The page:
My Doctor Says He Sees Only Bad Home Births That End In Transport

This is one of my pet peeves. 

Somebody is mentioning home birth to a health care professional (EMT, paramedic, firefighter, doctor or nurse, etc.) and their first response is,
"All the home birth transfers I see are because something went wrong.... You are really lucky that your home birth was safe."
This is stated in a very serious tone.

First, there are a few things I should point out that I recognize.

I recognize that home birth has some risks that may not be present in a hospital.  I also recognize that hospital birth has some risks that may not be present in a home birth.

I believe that care providers vary a lot in their skill, intelligence, ability and ethics.  This applies not just to obstetric doctors but also to home birth midwives.  I try to choose mine carefully.

I recognize that sometimes, for the safety of mom and/or baby, a home birth must be moved and become a hospital birth.  This can be for very minor things to very serious, life threatening things.  When done at the right time, it is not a failure, just a change of plans.

I also have a deep appreciation for the fact that all of my children's births have been safe, from my hospital birth to my accidental unassisted home birth.  I am blessed, and I am deeply grateful.  

Now that I have that out of the way, I just need to point out the obvious.

If you work in a hospital or in emergency transport, the only home births that you will ever see are the ones in which something went wrong.  

The other ones, where nothing goes wrong, STAY AT HOME.

OK, now I am done.  Carry on. 

(Robbie Davis-Floyd mentions that the home birth transport rate averages around 12%.  You may want to find your own midwife's transport rate and lots of other info about her.  I highly recommend researching your midwife and have some tips here.)


Diana said…
Also, the transport rate of homebirths is nothing compared to the "transport" rate of hospitals - when you consider that any hospital birth ending in instrumental delivery, cesarean, medicated birth, etc., or a birth in which the mother ends up needing some sort of hospital-based medical care - is the equivalent of a transport. If you look at it that ways, hospitals have a 75%+ "transport" rate!!!
Rosie said…
Not only is a home birth transfer NOT a FAILURE, it is a success in that the home birth team recognized a situation that required an increase in intervention/acuity. It always astounded me that people weren't cognizant that the transfer happens because someone (mom or midwife) decides that the mom/baby needs something that cannot be provided in the home environment. This is how it is supposed to work. As a L&D RN, I always wanted to take the home birth tranfers because the last thing they need is negative judgment about their choices (which so many nurses pile on). They need compassion and good care, just like all birthing families.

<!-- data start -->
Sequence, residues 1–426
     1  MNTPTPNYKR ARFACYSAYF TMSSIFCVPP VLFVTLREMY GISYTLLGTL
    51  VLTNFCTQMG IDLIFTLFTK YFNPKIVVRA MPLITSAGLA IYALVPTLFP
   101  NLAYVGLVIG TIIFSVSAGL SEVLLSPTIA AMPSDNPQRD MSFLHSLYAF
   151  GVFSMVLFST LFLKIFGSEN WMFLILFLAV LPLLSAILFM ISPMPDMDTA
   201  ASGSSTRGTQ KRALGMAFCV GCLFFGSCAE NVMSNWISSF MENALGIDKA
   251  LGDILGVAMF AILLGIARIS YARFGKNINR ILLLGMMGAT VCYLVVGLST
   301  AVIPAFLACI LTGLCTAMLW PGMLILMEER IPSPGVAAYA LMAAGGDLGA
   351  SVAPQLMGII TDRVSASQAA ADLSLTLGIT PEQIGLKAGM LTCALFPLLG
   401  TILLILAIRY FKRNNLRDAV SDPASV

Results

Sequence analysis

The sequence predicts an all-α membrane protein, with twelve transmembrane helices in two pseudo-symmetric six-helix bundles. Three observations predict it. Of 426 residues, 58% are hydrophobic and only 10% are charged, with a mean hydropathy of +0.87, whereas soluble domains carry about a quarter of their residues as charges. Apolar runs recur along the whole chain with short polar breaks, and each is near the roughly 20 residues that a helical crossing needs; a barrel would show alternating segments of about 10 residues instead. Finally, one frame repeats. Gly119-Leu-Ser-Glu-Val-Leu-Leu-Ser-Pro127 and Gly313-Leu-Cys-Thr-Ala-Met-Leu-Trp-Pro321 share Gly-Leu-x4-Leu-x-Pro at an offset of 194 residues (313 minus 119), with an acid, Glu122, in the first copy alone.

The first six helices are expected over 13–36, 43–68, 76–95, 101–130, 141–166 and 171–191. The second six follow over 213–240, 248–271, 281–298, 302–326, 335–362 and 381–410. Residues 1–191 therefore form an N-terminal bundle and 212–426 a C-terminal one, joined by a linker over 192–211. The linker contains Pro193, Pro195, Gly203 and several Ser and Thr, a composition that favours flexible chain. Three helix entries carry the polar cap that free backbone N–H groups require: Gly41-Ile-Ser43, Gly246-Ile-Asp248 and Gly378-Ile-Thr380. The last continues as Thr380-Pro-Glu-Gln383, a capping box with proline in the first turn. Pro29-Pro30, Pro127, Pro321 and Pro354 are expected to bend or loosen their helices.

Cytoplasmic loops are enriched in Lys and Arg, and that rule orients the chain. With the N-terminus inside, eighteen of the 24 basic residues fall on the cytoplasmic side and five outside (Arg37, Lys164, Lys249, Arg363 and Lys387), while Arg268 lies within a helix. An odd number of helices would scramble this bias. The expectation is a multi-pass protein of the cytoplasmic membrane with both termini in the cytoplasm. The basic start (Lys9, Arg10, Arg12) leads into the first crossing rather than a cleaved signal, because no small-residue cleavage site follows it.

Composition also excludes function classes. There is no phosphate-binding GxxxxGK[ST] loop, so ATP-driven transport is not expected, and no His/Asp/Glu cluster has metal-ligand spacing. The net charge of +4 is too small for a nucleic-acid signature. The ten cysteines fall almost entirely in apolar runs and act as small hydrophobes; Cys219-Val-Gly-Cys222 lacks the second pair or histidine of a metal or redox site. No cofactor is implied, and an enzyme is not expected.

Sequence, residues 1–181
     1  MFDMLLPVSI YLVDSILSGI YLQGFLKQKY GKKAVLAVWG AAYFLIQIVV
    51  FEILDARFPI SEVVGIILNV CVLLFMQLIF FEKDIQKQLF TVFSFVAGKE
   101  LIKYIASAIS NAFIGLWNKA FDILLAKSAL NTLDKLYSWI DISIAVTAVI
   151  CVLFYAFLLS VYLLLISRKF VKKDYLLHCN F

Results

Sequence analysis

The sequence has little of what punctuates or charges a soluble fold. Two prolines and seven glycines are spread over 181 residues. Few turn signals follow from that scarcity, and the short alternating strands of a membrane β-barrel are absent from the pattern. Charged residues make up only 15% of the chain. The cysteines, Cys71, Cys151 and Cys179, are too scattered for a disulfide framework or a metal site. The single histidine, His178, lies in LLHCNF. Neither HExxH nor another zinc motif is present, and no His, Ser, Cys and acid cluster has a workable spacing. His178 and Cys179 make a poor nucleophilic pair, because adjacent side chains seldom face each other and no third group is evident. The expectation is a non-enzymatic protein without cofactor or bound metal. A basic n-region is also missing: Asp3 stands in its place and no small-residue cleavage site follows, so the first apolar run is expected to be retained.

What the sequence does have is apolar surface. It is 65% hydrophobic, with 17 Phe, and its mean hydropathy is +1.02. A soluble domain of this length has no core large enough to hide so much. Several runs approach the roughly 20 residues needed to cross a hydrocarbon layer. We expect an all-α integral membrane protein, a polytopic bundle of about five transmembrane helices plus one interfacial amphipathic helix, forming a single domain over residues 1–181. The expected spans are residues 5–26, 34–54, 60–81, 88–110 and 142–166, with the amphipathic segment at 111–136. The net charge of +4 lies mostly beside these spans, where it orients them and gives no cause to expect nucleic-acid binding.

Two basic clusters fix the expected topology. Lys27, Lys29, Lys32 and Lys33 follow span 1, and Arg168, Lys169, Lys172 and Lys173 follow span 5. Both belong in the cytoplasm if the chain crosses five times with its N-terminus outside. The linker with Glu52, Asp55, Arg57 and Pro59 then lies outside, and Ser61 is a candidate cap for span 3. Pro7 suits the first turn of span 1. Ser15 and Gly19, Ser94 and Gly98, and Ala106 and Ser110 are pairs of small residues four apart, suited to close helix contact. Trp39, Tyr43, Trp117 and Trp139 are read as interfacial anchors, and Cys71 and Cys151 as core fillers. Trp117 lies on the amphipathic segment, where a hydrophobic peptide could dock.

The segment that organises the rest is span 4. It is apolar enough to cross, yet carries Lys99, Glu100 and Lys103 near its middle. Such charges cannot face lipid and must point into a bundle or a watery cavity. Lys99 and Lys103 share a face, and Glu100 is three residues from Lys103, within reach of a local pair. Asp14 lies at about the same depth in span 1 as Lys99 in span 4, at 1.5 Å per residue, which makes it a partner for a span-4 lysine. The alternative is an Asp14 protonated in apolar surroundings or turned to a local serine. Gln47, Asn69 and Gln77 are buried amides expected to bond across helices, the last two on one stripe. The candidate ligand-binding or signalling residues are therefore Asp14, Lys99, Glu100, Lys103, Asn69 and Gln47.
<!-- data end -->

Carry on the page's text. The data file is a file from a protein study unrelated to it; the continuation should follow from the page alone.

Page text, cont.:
Ashley said…
And even when they go wrong, it's often not very wrong. I transferred to the hospital at 8cms when it became clear that something was wrong with my baby's position (turns out she had a brow presentation). I was fine, if tired, and she was fine. We annoyed some of the staff, I know, and one nurse treated us quite badly, but at no point were either of us in any danger. In the 6 hours between my arrival at the hospital and my signing the c-section papers, all they did was hook me to a monitor, run an IV, and occasionally say something mean. I was begging for the epidural, but they refused (brow presentations hurt in ways that are really NOT normal) to give me one. Eventually the doctor came in and recommended a c-section, a conclusion I came to hours before. And it took them 90 minutes to prep for the surgery! They were taking their sweet time, which was annoying, but hey, definitely not an emergency.

Surgery went well, she was healthy, I was healthy, and we were home in our own bed 32 hours post-partum.

Not every homebirth transfer is an emergency. Mine sure wasn't.